All that being said, there are diseases/conditions/syndromes that we know can sometimes cause "secondary POTS" (or if you prefer "autonomic dysfunction" ... for those not in the "secondary POTS" camp). I've already mentioned NET deficiency, but that is as I said exceedingly rare. Much more common is joint hypermobility syndrome/Ehlers-Danlos syndrome. Some autoimmune diseases have been known to cause patterns of autonomic dysfunction that fit the POTS criteria (e.g., Sjogren's).
(As a sidenote, some of the tests they generally run in a workup for a person with suspected autonomic dysfunction are to look for different causes of autonomic dysfunction; however some are to rule out conditions which have similar symptoms to autonomic dysfunction but are something else.)
PAF, MSA, and their ilk are primary autonomic failures. The autonomic nervous system fails and THAT FAILURE in and of itself is the underlying disease/dysfunction. No deeper, more rudimentary cause can be found by doctors or researchers (at least not yet). In short, they don't really know *why* the autonomic nervous system fails. If you're wondering what the difference between POTS and PAF, MSA, etc. is, without me getting into a long technical discussion, I can say that POTS is not a total autonomic "failure" per se. There is autonomic dysfunction, but it is only partial.
In all those other types, there is a deeper identified cause. In familial dysautonomia [FD], for example, we know it is a problematic recessive gene. In the dysautonomia that accompanies spinal cord injuries, we know that it is the trauma to the spinal cord that causes the autonomic dysfunction. Autonomic dysfunction following a snake bite is known to be attributed to the snake venom neurotoxicity. There are paraneoplastic syndromes, infections (tetanus, e.g.), inflammatory processes (e.g. Guillian Barre syndrome), metabolic diseases (e.g. diabetes), and surgeries (e.g. heart transplant) that cause autonomic dysfunction. The list of conditions and drugs/toxins that can disrupt the autonomic nervous system either in part or in whole, temporarily or permanently, is lengthy and our knowledge is certainly still incomplete.
Unfortunately, our physicians simply cannot test for every possible cause of dysautonomia.
As my neuromuscular specialist said at my last appointment, "we're down to a LONG list of unlikely suspects—the best we can do is try aiming for the most likely of those." I just got the results of my repeat paraneoplastic panel back from Mayo's lab today: negative across the board. So in another six months when I see her again, we'll aim another dart at the board. I have other specialists taking hints from my various symptoms as they crop up and throwing their darts as accurately as they possibly can. I don't think there's any reason that not having a "why" should hold one back from getting the best treatment, and achieving a good quality of life. I will continue to seek my "why," but I don't feel that it's a pressing issue in my life any longer. We have a gameplan for my treatment, we adjust it as necessary, and most importantly I have peace of mind.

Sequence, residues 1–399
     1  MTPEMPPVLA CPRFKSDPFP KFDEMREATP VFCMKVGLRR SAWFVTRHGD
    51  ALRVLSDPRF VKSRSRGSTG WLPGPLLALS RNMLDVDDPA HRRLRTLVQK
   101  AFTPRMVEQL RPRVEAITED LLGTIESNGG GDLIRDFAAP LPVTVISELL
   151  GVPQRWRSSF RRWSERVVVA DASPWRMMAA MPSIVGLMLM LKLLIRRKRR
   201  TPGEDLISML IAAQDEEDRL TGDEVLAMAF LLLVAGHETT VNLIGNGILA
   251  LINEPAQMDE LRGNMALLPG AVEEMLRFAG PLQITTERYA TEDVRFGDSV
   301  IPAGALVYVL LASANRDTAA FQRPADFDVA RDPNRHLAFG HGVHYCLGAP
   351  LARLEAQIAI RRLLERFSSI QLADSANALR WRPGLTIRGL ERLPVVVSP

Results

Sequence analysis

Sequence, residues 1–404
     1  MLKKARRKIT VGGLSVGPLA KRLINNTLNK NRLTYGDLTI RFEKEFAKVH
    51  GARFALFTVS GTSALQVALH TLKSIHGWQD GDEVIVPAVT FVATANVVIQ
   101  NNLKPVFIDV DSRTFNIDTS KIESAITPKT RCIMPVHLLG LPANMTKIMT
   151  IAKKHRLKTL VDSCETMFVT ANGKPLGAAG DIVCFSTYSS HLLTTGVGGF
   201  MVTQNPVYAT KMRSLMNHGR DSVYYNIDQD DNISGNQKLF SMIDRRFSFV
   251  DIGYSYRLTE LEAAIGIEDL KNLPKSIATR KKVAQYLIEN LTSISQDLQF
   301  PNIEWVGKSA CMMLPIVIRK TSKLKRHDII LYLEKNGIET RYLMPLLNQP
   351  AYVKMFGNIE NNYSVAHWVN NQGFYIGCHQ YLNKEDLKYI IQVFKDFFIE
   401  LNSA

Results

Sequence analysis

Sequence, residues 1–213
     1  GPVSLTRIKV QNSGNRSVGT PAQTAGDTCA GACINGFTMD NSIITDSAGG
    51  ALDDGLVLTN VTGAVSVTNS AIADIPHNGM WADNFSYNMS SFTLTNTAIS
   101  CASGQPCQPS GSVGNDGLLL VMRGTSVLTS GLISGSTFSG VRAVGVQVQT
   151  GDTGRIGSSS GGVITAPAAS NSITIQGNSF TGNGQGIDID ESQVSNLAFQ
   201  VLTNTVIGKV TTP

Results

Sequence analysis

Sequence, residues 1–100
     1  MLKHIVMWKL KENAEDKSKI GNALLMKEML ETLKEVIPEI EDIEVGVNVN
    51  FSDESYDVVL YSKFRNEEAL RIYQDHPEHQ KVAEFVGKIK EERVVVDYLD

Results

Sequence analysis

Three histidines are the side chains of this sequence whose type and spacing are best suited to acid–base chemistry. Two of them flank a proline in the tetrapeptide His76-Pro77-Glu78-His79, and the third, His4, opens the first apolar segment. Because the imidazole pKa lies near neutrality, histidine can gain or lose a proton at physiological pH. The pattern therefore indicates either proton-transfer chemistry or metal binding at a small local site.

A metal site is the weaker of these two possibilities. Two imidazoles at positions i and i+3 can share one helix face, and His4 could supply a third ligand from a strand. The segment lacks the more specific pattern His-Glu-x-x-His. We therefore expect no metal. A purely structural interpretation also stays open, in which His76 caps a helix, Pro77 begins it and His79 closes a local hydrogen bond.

I hope everyone can find peace and work with their physicians to develop a workable treatment plan in the meantime while "the jury is out" on what caused their dysautonomia. I know for some of us that can be a long road.
Thanks for all that good info. Well Im going to do some research on that. My doctor told me I had POTS and I asked him what is that and why me? Thanks for clarifying that for me better than my doctor did. I just wish I had a normal life like most teenagers.
I understand completely your desire to return to normalcy. Have you seen Mayo's video on POTS; I think it addresses POTS in youths in particular, and may be helpful for you to watch and further understand that there is definitely hope that you will return to normalcy again.
If you haven't checked them out, you might also like to follow this group of young "potsies" that made a youtube channel to reach out to each other and other young people with POTS:
And, I hope it goes without saying, we definitely understand how you feel here!!! So feel free to post any and all questions you have, and vent when you need to. Hang in there!